Are not the cords of their tent pulled up, so that they die without wisdom?’
‘Is not their tent-cord plucked up within them? They die, yet without wisdom.’
Their tent collapses; they die in ignorance.
When the tent stakes are ripped up, the tent collapses--we die and are never the wiser for having lived.'
If their tent-cord is pulled up, do they not come to an end, and without wisdom?
Their tent-cord is plucked up within them, and they die devoid of wisdom.’
Does not their own excellence go away? They die, even without wisdom.’
|NET © [draft] ITL|
|NET © Notes||
1 tn The word יֶתֶר (yeter, here with the suffix, יִתְרָם [yitram]) can mean “what remains” or “rope.” Of the variety of translations, the most frequently used idea seems to be “their rope,” meaning their tent cord. This would indicate that their life was compared to a tent – perfectly reasonable in a passage that has already used the image “houses of clay.” The difficulty is that the verb נָסַע (nasa’) means more properly “to tear up; to uproot.” and not “to cut off.” A similar idea is found in Isa 38:12, but there the image is explicitly that of cutting the life off from the loom. Some have posited that the original must have said their tent peg was pulled up” as in Isa 33:20 (A. B. Davidson, Job, 34; cf. NAB). But perhaps the idea of “what remains” would be easier to defend here. Besides, it is used in 22:20. The wealth of an individual is what has been acquired and usually is left over when he dies. Here it would mean that the superfluous wealth would be snatched away. The preposition בּ (bet) would carry the meaning “from” with this verb.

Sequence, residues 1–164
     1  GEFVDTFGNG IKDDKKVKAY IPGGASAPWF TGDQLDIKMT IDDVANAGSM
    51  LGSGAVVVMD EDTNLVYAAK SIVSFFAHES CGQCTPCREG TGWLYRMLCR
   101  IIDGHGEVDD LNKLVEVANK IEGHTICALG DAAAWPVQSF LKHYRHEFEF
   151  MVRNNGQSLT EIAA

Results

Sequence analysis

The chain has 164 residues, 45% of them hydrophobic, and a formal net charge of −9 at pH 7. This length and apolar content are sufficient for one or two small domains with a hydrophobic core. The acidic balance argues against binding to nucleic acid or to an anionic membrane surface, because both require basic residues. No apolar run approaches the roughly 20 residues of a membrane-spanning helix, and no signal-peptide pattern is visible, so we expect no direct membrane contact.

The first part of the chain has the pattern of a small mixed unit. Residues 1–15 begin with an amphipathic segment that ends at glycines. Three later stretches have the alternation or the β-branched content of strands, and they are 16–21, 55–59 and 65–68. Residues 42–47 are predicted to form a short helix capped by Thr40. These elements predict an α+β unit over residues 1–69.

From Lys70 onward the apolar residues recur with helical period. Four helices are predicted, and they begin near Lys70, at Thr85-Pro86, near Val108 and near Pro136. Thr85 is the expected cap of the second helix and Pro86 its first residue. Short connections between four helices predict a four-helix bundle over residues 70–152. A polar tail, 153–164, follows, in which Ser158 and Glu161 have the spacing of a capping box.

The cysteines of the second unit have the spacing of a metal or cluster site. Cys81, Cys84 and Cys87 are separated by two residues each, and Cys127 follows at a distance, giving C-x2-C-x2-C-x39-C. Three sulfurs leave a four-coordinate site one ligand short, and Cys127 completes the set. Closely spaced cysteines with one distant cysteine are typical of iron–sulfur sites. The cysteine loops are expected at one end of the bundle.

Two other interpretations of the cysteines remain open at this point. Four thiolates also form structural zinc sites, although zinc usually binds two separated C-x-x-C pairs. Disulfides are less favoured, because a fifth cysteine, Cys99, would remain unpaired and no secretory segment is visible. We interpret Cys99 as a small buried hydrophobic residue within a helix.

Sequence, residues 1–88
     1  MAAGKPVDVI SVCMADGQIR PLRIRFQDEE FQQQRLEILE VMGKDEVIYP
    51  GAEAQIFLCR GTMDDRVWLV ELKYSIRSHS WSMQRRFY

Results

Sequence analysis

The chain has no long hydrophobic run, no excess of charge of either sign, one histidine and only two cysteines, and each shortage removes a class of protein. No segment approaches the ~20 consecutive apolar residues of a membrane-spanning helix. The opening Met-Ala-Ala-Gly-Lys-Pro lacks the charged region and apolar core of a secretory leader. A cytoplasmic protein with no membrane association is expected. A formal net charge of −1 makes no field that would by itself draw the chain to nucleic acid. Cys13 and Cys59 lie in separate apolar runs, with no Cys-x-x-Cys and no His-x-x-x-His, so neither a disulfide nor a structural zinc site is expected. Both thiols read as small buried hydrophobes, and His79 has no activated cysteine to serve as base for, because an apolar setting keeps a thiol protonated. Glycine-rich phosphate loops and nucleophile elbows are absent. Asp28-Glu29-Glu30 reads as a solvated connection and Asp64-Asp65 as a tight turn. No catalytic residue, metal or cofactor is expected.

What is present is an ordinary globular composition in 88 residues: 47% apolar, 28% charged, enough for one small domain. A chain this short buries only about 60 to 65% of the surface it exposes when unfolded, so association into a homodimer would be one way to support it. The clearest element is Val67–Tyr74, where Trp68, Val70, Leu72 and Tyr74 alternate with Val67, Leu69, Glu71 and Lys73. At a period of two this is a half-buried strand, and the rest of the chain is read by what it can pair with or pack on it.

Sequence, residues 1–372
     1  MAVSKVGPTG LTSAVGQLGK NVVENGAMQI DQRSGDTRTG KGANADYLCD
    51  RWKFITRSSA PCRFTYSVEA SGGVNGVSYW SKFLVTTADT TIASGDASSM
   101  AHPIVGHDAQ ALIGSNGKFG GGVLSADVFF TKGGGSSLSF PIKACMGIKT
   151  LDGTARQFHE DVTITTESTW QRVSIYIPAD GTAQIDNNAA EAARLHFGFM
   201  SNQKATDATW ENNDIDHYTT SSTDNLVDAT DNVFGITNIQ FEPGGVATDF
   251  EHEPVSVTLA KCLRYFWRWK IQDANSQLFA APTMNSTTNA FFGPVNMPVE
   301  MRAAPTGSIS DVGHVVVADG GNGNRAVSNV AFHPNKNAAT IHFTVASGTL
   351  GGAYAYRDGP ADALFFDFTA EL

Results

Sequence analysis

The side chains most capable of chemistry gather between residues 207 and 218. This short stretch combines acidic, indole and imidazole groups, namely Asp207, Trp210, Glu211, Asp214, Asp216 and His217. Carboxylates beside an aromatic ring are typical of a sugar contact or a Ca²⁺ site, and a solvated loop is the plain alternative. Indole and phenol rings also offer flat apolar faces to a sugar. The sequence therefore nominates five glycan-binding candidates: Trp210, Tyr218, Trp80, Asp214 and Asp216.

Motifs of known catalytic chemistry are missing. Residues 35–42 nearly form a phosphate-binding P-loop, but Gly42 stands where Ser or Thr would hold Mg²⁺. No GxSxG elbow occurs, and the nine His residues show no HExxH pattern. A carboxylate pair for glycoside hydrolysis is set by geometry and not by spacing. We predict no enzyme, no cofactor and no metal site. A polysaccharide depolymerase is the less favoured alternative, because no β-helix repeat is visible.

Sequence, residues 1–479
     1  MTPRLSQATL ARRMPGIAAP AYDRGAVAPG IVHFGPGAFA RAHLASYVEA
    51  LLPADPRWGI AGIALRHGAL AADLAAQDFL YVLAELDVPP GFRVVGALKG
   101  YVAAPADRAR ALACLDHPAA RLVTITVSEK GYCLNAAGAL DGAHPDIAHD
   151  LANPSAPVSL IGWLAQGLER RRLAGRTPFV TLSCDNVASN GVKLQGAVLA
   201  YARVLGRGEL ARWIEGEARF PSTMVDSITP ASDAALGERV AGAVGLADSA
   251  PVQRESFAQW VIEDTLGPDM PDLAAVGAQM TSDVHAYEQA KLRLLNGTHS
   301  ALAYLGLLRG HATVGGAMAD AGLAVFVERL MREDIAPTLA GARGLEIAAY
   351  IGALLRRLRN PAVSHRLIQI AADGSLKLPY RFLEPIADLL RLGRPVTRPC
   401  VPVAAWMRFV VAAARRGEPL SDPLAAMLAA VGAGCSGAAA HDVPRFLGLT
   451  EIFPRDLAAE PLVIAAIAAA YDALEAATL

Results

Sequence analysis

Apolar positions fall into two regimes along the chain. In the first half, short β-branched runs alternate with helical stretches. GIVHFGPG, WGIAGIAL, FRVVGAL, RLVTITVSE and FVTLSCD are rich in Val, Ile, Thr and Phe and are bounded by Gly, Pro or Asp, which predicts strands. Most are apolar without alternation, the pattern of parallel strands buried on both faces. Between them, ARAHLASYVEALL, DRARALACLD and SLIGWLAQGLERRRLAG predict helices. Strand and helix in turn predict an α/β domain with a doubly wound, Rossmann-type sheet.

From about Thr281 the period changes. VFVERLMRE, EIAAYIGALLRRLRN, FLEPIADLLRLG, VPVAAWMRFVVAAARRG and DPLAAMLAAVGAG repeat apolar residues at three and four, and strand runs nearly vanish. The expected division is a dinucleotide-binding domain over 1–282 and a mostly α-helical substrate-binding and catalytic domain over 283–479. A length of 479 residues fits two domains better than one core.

2 tc The text of the LXX does not seem to be connected to the Hebrew of v. 21a. It reads something like “for he blows on them and they are withered” (see Isa 40:24b). The Targum to Job has “Is it not by their lack of righteousness that they have been deprived of all support?”
tn On the interpretation of the preposition in this construction, see N. Sarna, “The Interchange of the Preposition bet and min in Biblical Hebrew,” JBL 78 (1959): 310-16.
3 sn They die. This clear verb interprets all the images in these verses – they die. When the house of clay collapses, or when their excess perishes – their life is over.
4 tn Heb “and without wisdom.” The word “attaining” is supplied in the translation as a clarification.
sn The expression without attaining wisdom is parallel to the previous without anyone regarding it. Both verses describe how easily humans perish: there is no concern for it, nor any sense to it. Humans die without attaining wisdom which can solve the mystery of human life.